Fiction

#Fiction: Hello by @neker17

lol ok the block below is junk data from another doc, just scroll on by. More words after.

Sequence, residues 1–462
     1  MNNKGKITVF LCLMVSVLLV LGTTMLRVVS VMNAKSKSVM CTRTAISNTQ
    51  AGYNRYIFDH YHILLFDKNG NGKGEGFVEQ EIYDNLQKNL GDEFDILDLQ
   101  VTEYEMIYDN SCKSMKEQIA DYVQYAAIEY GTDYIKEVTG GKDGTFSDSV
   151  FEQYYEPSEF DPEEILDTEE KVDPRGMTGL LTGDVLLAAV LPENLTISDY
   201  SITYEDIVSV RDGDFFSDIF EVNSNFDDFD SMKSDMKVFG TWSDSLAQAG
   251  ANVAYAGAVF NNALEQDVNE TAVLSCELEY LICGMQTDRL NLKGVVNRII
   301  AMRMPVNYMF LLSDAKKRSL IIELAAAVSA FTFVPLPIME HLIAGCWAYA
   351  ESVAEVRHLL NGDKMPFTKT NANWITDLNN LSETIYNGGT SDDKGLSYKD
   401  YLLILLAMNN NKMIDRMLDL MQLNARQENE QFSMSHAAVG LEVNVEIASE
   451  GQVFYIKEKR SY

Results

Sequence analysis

When English singer and songwriter, Adele, released the sonorous ballad – Hello, little did she know that it was going to caught on like wildfire. Still topping global charts weeks after it release, the song shows no sign of slowing down. And as the song became more popular, other artistes jumped on the trend voicing different covers for the song. But hey, why should musicians be the only ones to enjoy the fun, can’t writers join in too? So inspired by Abiodun (@Maskuraid), for the next few weeks, we would be publishing short story covers inspired by the of the monster hit – Hello. This week, delectable and uber-talented @neker17 takes a spin on Hello… enjoy! You can read @Maskuraid “Hello” short story here You can read @Anabagail “Hello” short story here ***** I just sat there and stared. Blankly. There was a constant ringing in my ears. I wasn’t sure whether it was from the drone of the fat nuns in the choir singing a dirge or from the sweet smell of the burning incense from the altar that reminded me of something I needed so badly right now – a cigarette. I had endured the past week without being able to smoke as freely as I would if I were back in my flat. No one in the family knew I smoked. Anyway, It would have been hard to detect through the layers of expensive perfumes I wore. My signature ruby-red lipstick kept my charred lips well hidden. I was hardly seen without make-up. My nicotine craving was quickly forgotten as the rustle of clothing and creaking of pews made me realise people were getting up. I stood up with the rest of the family. The clergymen files past first, followed by the bearers of the hearse. The immediate family members followed, and I took the rear, as usual. The buzz in my ears continued as we made our way outside to the church cemetery. There, the smell of freshly dug earth mixed with the scent of the incense, was his scent. No, it wasn’t a figment of my imagination. It was his scent. No one else smelled that way. I looked up, and around, calmly telling myself if was the grief (or maybe the nicotine craving) that was playing on my senses. And then. I saw him. Same white kaftan he wore the last time I had seen him….alive. He and I had had a fight. He had driven off in anger. I heard from his friend two years later that there had been an accident. No survivors. I had been too angry to grieve for him. And now he was here, by my father’s graveside. The dead mourning the dead. But, his gap-toothed smile looked too real to be unearthly. I moved closer, the priest’s funeral prayers were became white noise, muffled by the rush of blood to my ears. I moved towards him like a moth drawn to a flame. He held out his hand, ready to take mine as I approached him. In that outstretched palm I saw hope, and a chance to love again. I had gone six years failing at every attempt to find love and now, love had found me. Just when I needed it most. I got to where he was and his smile widened and all I could think of was whether his lips would still taste the same after all these years. “H..hi.” My voice was barely a whisper. “Hello…from the other side.” His raspy voice sounded faraway, like a half-wail, drowned out by shouts and screams from all around me. “Don’t let her fall!” I heard someone yell, just before my cheek connected with the red earth at the bottom of my father’s grave. ***** By Nneka Ezealor – Oladimeji